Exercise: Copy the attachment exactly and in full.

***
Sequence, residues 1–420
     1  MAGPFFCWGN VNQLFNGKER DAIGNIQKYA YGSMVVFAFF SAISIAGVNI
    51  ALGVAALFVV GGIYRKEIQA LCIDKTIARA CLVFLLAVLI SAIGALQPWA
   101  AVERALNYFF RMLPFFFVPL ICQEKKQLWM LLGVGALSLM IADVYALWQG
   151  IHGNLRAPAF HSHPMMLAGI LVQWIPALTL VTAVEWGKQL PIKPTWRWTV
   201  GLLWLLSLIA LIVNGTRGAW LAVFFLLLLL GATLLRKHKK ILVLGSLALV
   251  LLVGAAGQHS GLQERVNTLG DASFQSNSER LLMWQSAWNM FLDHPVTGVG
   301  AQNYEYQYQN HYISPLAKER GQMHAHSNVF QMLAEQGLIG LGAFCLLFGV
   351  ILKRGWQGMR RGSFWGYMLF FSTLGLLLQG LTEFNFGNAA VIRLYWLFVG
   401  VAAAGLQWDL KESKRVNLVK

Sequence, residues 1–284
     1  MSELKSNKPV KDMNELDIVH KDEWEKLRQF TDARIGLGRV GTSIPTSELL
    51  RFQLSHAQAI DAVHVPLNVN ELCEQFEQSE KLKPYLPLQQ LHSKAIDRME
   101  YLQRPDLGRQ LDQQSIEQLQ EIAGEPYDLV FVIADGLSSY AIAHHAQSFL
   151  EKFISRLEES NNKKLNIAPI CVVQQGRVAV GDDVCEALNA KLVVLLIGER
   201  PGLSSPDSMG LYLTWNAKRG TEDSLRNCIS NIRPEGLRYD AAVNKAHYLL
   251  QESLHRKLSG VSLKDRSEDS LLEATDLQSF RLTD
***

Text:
Sequence, residues 1–420
     1  MAGPFFCWGN VNQLFNGKER DAIGNIQKYA YGSMVVFAFF SAISIAGVNI
    51  ALGVAALFVV GGIYRKEIQA LCIDKTIARA CLVFLLAVLI SAIGALQPWA
   101  AVERALNYFF RMLPFFFVPL ICQEKKQLWM LLGVGALSLM IADVYALWQG
   151  IHGNLRAPAF HSHPMMLAGI LVQWIPALTL VTAVEWGKQL PIKPTWRWTV
   201  GLLWLLSLIA LIVNGTRGAW LAVFFLLLLL GATLLRKHKK ILVLGSLALV
   251  LLVGAAGQHS GLQERVNTLG DASFQSNSER LLMWQSAWNM FLDHPVTGVG
   301  AQNYEYQYQN HYISPLAKER GQMHAHSNVF QMLAEQGLIG LGAFCLLFGV
   351  ILKRGWQGMR RGSFWGYMLF FSTLGLLLQG LTEFNFGNAA VIRLYWLFVG
   401  VAAAGLQWDL KESKRVNLVK

Sequence, residues 1–284
     1  MSELKSNKPV KDMNELDIVH KDEWEKLRQF TDARIGLGRV GTSIPTSELL
    51  RFQLSHAQAI DAVHVPLNVN ELCEQFEQSE KLKPYLPLQQ LHSKAIDRME
   101  YLQRPDLGRQ LDQQSIEQLQ EIAGEPYDLV FVIADGLSSY AIAHHAQSFL
   151  EKFISRLEES NNKKLNIAPI CVVQQGRVAV GDDVCEALNA KLVVLLIGER
   201  PGLSSPDSMG LYLTWNAKRG TEDSLRNCIS NIRPEGLRYD AAVNKAHYLL
   251  QESLHRKLSG VSLKDRSEDS LLEATDLQSF RLTD